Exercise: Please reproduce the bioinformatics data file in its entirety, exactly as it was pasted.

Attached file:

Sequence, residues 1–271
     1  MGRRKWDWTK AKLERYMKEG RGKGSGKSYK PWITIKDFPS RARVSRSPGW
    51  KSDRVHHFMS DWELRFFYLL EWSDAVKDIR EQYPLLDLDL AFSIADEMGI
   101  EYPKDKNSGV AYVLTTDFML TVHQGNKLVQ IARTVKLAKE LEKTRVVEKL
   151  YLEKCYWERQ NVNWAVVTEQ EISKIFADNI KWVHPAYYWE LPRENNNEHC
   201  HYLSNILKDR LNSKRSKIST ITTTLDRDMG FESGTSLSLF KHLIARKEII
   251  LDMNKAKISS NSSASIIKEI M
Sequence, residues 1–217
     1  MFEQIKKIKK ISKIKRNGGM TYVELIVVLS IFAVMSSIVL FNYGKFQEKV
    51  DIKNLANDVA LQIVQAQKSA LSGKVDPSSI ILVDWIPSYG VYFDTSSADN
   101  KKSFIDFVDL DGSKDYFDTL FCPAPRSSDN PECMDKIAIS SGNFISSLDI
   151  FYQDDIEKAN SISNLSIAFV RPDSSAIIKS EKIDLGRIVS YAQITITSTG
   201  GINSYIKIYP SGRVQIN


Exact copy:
Sequence, residues 1–271
     1  MGRRKWDWTK AKLERYMKEG RGKGSGKSYK PWITIKDFPS RARVSRSPGW
    51  KSDRVHHFMS DWELRFFYLL EWSDAVKDIR EQYPLLDLDL AFSIADEMGI
   101  EYPKDKNSGV AYVLTTDFML TVHQGNKLVQ IARTVKLAKE LEKTRVVEKL
   151  YLEKCYWERQ NVNWAVVTEQ EISKIFADNI KWVHPAYYWE LPRENNNEHC
   201  HYLSNILKDR LNSKRSKIST ITTTLDRDMG FESGTSLSLF KHLIARKEII
   251  LDMNKAKISS NSSASIIKEI M
Sequence, residues 1–217
     1  MFEQIKKIKK ISKIKRNGGM TYVELIVVLS IFAVMSSIVL FNYGKFQEKV
    51  DIKNLANDVA LQIVQAQKSA LSGKVDPSSI ILVDWIPSYG VYFDTSSADN
   101  KKSFIDFVDL DGSKDYFDTL FCPAPRSSDN PECMDKIAIS SGNFISSLDI
   151  FYQDDIEKAN SISNLSIAFV RPDSSAIIKS EKIDLGRIVS YAQITITSTG
   201  GINSYIKIYP SGRVQIN